5-2. MMF Pretreatment Polishing Filter SDI. ........................................... 5-3. MMF Pretreatment Polishing Filter Turbidity.................................... 5-4. Coagulation/Sedimentation Feed and Settled Turbidity..................... 5-5. CSF Filtration System Differential Pressure. ..................................... 5-6. CSF Filtrate Turbidity. ....................................................................... 5-7. CSF Filtrate SDI. ................................................................................ 5-8. MF Pretreatment Productivity .......................................follows page 5-9. Pall MF Pretreatment Filtrate SDI...................................................... 5-10 Pall MF Pretreatment Filtrate Turbidity. ........................................... 5-11. Cartridge Filter Differential Pressure with MMF Pretreatment. ...... 5-12. Cartridge Filter Differential Pressure with CSF Pretreatment.......... 5-13. Biogrowth Control Measures Schematic.......................................... 5-14. Cartridge Filter Differential Pressure with MF Pretreatment........... 5-15. SWRO First-Pass Flux and Recovery .............................................. 5-16. SWRO First-Pass Feed Differential Pressure................................... 5-17. SWRO First-Pass Normalized MTC ................................................ 5-18. Second-Pass Flux and Recovery....................................................... 5-19. Second-Pass Normalized MTC. ....................................................... 6-1. Source Water Intake System............................................................... 7-1. Overall SWRO Water Treatment Plant Capacity Assumptions for Cost Estimates. ............................................................................. 7-2. Treatment Process Schematic.............................................................

53 54 57 59 60 60 62 63 64 67 68 69 70 75 76 77 80 81 87 92 92

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1. Introduction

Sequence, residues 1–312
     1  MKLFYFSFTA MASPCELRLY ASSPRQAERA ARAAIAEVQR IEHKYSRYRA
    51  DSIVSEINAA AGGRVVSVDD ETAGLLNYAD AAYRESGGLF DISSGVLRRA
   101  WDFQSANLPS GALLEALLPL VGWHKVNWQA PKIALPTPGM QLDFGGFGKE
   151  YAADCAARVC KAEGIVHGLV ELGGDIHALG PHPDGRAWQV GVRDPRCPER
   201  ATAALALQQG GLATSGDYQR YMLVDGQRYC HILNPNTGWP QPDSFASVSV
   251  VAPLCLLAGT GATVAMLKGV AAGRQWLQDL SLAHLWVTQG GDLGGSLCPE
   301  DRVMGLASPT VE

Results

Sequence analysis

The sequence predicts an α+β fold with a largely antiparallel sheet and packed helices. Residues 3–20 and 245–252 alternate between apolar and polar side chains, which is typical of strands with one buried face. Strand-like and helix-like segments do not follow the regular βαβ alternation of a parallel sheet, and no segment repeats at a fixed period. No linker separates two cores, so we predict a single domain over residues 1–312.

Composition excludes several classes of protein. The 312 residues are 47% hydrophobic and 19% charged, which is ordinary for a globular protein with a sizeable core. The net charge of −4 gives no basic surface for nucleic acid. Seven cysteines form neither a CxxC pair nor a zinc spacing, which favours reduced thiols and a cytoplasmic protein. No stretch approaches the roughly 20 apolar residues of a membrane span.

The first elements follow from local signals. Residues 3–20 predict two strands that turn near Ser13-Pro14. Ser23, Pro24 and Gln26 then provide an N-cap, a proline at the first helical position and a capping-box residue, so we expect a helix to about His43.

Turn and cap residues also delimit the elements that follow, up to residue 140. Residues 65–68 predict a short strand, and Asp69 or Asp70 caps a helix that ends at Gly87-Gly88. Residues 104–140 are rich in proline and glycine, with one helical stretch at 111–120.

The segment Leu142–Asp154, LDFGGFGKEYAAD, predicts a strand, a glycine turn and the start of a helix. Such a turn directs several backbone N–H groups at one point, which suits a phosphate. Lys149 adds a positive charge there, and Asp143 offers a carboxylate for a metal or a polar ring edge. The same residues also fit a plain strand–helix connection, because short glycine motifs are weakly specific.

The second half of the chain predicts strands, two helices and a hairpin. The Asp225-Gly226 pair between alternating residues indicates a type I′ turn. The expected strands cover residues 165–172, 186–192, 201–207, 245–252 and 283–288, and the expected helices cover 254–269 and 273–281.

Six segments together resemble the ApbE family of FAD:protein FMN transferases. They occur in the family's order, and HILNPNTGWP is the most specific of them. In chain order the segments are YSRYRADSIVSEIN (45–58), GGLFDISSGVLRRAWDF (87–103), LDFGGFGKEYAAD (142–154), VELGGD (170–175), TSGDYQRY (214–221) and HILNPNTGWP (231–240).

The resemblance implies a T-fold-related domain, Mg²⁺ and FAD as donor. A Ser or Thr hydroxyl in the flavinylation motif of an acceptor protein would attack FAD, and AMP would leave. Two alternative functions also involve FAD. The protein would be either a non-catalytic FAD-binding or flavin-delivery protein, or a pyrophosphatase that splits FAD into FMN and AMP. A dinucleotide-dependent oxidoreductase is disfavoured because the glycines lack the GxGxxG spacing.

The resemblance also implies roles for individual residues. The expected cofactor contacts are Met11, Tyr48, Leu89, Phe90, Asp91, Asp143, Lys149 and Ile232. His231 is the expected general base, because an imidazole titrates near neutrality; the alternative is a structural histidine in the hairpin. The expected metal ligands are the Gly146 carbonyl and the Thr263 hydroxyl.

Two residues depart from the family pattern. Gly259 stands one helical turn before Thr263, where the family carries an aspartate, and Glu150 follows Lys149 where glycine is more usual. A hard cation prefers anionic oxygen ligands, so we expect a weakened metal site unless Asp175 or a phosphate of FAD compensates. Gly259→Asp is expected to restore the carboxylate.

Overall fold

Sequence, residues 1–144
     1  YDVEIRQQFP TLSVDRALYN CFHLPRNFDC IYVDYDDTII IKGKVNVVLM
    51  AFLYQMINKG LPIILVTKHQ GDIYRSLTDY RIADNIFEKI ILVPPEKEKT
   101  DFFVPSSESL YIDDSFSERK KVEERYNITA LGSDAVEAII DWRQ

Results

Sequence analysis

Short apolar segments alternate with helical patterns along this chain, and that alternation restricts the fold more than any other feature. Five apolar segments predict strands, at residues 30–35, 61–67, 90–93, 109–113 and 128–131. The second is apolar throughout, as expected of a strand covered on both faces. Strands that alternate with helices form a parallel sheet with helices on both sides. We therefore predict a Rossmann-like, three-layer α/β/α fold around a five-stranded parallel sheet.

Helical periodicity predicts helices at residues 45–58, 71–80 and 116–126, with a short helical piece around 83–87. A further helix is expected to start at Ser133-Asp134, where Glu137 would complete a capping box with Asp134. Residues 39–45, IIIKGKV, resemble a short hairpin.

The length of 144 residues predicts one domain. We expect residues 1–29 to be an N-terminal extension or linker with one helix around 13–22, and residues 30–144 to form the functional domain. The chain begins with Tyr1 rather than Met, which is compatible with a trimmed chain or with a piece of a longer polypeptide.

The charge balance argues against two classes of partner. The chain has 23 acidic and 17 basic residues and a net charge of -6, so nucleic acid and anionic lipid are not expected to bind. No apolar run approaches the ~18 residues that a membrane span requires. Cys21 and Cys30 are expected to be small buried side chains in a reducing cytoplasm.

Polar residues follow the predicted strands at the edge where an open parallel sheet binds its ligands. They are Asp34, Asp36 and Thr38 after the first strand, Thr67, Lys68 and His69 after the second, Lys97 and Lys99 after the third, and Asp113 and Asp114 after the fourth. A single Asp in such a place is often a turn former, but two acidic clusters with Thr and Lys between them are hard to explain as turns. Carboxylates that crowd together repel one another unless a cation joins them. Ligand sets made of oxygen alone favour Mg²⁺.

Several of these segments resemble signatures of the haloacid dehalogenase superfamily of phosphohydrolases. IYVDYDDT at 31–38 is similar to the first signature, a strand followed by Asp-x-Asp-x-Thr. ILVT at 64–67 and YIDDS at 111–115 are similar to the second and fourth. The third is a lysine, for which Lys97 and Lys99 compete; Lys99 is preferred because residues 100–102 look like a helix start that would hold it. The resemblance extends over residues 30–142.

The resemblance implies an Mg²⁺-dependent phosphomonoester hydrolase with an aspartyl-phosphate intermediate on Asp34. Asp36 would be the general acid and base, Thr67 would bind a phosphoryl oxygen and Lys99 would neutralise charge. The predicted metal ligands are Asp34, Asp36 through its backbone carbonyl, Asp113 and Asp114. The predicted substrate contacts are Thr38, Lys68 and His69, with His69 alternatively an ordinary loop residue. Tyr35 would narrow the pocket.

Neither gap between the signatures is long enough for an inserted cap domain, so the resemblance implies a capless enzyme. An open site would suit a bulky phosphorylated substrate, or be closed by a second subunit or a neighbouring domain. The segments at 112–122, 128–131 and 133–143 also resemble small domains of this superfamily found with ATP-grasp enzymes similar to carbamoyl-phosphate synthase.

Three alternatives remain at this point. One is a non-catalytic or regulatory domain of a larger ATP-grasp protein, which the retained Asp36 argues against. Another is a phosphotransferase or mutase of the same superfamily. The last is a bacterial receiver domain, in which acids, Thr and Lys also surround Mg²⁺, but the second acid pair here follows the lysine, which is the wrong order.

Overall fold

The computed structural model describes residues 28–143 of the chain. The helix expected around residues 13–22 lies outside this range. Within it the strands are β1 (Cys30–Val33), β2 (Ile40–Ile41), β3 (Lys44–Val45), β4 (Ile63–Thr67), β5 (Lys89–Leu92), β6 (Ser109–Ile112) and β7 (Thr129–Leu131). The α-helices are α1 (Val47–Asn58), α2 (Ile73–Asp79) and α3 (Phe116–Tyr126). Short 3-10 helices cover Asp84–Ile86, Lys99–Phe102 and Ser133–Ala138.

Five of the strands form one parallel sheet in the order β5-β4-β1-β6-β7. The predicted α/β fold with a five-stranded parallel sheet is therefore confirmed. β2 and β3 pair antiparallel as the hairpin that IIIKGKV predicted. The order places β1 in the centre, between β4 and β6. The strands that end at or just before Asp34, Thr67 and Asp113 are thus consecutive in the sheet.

Within the United States, the continued rise in population, decline in the amount of available natural resources, and increasingly stringent water quality criteria continue to impact the suitability and availability of water supplies. This situation significantly impacts States and regions in varying ways, such as necessitating expanded raw water supply capacity and an increased level of treatment on ground water to reduce analytes that, at one time, met now-outdated drinking water standards. Other impacts include the necessity of coastal regions to investigate seawater as an alternative droughtproof resource. The investigation of seawater sources also aids water suppliers with the ability to diversify their water portfolio because other options are too costly, will take too long to implement, or are simply not available. Seawater represents an alternative supply that can be treated to meet the needs of a population while maintaining all Federal, State, and regional water quality requirements. However, as planners, owners, engineers, and investors look towards the various technical and, in some cases, economic costs of implementing this alternative, a variety of information is simply not available domestically to support the multitude of interrelated components that go into seawater desalination projects. While use of reverse osmosis (RO) for demineralization of seawater has been practiced on a wide scale for approximately two decades, potable applications within the United States have been limited in number and capacity. Cost has always been the key component in the development of seawater treatment facilities, and many applications have typically been in areas of the world with very low power costs or where there was no other reasonable potable water alternative. As a result, costs were absorbed based on the absence of other alternatives. However, as costs for RO treatment decrease due to efficiency improvements, and the need for alternative water supplies increases, the level of interest for seawater desalination continues to grow significantly. Over the years, the Bureau of Reclamation (Reclamation) has been involved in a number of projects to further investigate the use of seawater as a source of supply. In addition, numerous other agencies have investigated seawater applications, with the first large-scale seawater facility in the United States commissioned in Tampa, Florida in March 2003. At this point in the United States, seawater reverse osmosis (SWRO) facilities are being evaluated with a critical focus on optimizing science and technology for the purpose of providing sustainable operation, cost minimization, and compliance with increasingly stringent finished water regulatory requirements. This occurs